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  • Boring Cylinders

    I have a problem making cylinders which are very cylindrical. I am using a Bridgeport mill with boring head. I have also made some attempts on the lathe. At present I get better results with the lathe.
    If I use an inside mike on the ends, I find non circularity on both machines of up to .0015. The ends are similar with the lathe, but with the mill, the bottom can be up to .003 larger diameter. The first question is, what is an allowable run out, both for steam and for internal combustion? I have seen no figures on this. I am using cast iron piston rings.
    Second, what techniques do people use to get good cylindrical bores, and what kind of measurements to they get?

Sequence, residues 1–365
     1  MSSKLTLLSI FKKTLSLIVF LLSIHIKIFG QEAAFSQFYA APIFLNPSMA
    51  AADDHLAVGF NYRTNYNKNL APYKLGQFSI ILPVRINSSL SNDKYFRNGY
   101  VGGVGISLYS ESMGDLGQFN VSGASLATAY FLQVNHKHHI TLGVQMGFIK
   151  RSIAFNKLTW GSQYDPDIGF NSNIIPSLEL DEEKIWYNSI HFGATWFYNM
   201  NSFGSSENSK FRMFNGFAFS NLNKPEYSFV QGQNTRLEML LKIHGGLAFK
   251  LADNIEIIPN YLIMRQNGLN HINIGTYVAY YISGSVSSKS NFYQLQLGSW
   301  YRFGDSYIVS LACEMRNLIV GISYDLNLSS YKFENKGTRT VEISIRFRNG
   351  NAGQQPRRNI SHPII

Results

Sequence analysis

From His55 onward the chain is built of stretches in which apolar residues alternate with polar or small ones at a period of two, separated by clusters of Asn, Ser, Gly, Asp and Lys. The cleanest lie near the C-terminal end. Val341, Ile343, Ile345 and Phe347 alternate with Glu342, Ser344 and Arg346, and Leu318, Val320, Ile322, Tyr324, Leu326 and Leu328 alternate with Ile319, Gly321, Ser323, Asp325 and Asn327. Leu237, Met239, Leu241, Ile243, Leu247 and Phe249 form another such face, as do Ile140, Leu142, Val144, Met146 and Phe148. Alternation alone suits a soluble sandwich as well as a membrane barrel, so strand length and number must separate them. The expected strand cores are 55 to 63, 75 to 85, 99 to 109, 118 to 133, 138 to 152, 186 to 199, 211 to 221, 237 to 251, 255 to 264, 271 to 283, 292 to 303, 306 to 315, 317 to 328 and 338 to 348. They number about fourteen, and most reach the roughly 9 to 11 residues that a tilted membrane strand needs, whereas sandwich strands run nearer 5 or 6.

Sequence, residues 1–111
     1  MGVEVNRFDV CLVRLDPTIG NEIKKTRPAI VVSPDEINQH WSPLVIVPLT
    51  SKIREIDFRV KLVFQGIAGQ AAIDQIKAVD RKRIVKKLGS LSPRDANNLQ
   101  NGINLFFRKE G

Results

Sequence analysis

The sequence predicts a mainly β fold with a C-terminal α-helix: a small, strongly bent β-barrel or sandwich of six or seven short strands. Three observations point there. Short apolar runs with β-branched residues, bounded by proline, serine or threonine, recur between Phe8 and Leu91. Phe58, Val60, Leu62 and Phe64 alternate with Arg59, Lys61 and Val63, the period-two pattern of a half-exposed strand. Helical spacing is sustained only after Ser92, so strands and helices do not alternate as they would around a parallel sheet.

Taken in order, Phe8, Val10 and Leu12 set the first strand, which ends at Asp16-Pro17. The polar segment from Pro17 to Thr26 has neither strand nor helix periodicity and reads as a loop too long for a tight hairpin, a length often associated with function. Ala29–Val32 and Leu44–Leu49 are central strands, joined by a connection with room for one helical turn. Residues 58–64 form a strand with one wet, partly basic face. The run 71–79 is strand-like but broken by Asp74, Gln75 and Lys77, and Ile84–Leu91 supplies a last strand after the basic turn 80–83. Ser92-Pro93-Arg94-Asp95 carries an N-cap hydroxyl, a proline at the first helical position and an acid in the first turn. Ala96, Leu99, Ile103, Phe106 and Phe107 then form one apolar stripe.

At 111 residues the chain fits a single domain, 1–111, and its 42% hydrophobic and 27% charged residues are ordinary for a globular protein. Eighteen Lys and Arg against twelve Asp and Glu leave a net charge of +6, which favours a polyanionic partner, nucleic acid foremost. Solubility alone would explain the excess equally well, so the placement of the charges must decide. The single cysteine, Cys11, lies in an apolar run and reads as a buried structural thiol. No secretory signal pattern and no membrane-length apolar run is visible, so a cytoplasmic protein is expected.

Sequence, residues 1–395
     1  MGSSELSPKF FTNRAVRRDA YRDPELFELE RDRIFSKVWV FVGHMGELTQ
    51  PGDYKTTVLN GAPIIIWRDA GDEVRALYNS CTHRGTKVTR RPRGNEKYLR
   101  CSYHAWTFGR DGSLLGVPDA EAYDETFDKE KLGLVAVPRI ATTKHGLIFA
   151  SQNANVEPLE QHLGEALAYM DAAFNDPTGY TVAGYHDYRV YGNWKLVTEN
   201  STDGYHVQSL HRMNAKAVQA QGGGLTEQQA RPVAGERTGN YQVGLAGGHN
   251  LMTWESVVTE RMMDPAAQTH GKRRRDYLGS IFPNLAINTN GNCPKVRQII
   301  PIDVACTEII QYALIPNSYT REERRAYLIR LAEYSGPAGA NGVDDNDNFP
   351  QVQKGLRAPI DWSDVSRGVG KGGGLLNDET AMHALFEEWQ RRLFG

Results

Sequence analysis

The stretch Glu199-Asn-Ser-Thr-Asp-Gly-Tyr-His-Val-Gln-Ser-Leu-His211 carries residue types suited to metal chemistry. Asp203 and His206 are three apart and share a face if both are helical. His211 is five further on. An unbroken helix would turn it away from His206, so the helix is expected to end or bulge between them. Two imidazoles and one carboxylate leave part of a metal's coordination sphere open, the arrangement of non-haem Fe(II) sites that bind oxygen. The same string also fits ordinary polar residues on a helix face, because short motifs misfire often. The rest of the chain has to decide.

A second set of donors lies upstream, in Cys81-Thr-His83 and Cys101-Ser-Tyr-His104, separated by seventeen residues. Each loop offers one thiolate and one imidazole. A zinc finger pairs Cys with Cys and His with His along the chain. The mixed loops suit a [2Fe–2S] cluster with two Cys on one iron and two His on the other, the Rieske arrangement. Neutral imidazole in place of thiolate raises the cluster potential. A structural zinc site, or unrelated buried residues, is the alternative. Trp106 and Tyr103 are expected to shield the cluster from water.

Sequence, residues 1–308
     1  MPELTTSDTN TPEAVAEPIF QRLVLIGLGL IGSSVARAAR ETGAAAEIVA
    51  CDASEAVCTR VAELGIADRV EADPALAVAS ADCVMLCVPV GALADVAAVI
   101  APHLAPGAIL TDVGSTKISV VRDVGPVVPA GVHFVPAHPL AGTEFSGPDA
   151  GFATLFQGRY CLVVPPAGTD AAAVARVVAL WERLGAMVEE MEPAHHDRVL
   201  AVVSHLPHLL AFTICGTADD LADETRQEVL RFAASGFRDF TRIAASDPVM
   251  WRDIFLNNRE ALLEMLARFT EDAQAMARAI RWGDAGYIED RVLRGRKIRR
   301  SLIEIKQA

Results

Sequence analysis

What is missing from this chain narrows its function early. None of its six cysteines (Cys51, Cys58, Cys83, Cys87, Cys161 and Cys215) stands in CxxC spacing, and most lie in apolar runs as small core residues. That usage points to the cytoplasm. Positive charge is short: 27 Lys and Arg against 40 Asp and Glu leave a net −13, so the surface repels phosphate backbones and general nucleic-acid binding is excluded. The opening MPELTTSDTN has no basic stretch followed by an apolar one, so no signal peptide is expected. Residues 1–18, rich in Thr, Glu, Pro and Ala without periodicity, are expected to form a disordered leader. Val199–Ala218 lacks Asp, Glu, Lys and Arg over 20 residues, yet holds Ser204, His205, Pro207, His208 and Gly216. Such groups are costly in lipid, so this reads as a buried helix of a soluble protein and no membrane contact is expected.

A related question would be: What kind of cylindrical measurements are achieved in automotive cylinders?
    Finally, do people use honing to achieve a more cylindrical cylinder?
    Thanks,
    Steve

  • #2
    Steve,
    Some of your question can be answered but to really tell you why you're having trouble we would need to know much more about the accuracy of your equipment.
    First off if you're building a model steam engine you can get away with a little irregularity in your cylinder but .003 is way too much. For internal combustion engines you need dimensional tolerance plus very close concentricity. With any internal combustion engine the best way to accomplish this is by honing but the standard hones used the the home shop will generally follow the initial bore.
    The purpose of a hone is just to clean up the bore, make it concentric and take off a very small amount of material in the process.